During my entire high school career, we built and competed with three main cars, a 2008 Ford Focus, Factory 5 GTM, and EVLC (electric very light car). The Ford Focus started out as a hybrid, but it’s currently being converted to all-electric. The Factory 5 started out as a hybrid, and it’s currently running on 100% biodiesel, made from used fryer oil by one of our Workshop students. EVLC is our latest project, and it’s being built as an all-electric.

The two hybrids competed in the 2010 Progressive Automotive X­Prize competition. Around that time, we took the Ford Focus apart to rebuild as an all-electric, and we raced the GTM in the Green Grand Prix competition. We won that competition two years in a row. We also submitted a business plan for the EVLC to a great competition, the Spirit of Innovation Awards. We went to California, won that competition, and brought home $5K of seed money.

7) What are you doing now?

I’m in an apprenticeship program with SEPTA (Southeastern Pennsylvania Transportation Authority), the local public transportation company here in Philadelphia. It’s a three year program, after which time I’ll be a first-class bus mechanic. I’ll have the duty of servicing every system of the bus.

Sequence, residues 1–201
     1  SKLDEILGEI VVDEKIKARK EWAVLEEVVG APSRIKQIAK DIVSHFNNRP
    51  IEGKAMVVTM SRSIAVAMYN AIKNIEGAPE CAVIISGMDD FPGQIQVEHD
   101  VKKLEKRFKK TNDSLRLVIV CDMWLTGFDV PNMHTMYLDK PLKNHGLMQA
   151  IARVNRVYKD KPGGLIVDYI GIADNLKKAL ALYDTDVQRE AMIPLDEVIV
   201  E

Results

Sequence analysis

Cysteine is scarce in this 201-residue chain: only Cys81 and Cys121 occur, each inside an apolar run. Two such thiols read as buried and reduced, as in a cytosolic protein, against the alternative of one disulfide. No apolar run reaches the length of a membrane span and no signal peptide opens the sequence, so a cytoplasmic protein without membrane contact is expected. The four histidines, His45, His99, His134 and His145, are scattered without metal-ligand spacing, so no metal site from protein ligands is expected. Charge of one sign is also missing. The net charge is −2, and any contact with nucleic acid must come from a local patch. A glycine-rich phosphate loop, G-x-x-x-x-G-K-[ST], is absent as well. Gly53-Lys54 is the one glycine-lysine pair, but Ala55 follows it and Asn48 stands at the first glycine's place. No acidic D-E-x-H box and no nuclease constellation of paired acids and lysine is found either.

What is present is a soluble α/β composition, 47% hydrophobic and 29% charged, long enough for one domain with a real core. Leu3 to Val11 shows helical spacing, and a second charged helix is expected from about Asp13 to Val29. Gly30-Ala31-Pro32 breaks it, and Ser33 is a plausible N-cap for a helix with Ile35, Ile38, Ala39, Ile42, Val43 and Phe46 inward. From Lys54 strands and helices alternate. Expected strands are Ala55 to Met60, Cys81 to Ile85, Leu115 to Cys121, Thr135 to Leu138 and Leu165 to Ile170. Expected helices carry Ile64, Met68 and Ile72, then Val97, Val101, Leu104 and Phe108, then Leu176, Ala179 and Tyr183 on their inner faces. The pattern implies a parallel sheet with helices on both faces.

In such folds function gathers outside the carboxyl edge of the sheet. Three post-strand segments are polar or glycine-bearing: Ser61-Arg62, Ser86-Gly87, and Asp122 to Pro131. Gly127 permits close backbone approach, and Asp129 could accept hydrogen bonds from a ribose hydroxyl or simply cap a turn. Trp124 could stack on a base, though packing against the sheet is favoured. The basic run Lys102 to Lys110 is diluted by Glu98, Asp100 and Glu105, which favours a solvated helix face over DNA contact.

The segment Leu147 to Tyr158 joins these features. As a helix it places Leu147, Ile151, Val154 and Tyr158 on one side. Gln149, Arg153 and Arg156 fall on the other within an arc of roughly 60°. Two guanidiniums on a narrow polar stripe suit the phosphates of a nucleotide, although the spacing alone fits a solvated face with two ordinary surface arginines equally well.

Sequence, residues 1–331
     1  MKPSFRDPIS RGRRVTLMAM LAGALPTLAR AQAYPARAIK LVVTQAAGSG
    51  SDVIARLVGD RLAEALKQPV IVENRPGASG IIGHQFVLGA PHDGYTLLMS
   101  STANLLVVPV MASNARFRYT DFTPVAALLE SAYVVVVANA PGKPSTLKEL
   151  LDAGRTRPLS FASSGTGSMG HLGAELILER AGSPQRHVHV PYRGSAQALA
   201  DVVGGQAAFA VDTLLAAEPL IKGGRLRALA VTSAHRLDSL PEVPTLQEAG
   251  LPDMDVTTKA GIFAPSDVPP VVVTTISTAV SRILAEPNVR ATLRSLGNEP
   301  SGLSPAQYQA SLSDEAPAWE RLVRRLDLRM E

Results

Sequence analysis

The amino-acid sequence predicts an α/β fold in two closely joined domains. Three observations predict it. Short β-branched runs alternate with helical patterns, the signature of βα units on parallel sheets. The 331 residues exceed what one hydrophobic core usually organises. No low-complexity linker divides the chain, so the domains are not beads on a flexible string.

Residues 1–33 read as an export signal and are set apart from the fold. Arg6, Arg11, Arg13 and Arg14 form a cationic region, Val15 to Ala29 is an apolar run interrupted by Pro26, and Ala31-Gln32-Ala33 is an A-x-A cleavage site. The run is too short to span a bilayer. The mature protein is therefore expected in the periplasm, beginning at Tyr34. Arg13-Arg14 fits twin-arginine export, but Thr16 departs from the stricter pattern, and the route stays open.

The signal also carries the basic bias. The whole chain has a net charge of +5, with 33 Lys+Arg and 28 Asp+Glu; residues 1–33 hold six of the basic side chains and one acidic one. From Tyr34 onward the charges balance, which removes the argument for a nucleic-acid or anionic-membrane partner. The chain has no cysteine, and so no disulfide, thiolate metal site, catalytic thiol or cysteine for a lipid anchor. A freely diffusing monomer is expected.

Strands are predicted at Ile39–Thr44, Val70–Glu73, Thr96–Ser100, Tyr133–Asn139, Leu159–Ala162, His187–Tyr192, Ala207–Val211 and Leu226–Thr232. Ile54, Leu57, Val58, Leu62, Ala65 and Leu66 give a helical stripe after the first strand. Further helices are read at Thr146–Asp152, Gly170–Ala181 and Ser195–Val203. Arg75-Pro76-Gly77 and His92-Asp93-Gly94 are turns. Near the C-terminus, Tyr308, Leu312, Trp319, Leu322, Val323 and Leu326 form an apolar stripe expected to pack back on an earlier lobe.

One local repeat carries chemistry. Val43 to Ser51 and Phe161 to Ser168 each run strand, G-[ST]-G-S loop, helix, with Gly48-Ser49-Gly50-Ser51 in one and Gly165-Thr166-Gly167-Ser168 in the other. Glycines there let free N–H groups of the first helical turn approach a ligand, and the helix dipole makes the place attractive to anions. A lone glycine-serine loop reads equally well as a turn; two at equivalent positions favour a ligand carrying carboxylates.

The Workshop has definitely prepared me for my life and chosen career, and that’s all thanks to Simon and his work at the Workshop.

I’m always happy and in a good mood. I’m very thankful for the people I have in my life, and the opportunities that have been handed to me. I love talking to people about what I do, why I do it, and I’m always willing to lend a helping hand to those who really want it.

My auto teacher always told me, “There’s no better feeling than doing what you love. If you do what you love for a living, you won’t consider it work.”

Interview transcript

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As a coach, history and journalism teacher at Brimmer and May, a wonderful independent school in Chestnut Hill, Massachusetts, I have the absolute best job in the world. I am thrilled to get up every morning to engage with interesting young people, and I'm equally fortunate to have such amazing colleagues and mentors. As the founder of Spin Education, I encourage you to check-in frequently and submit posts and lessons—all in an effort to better our practice as teachers.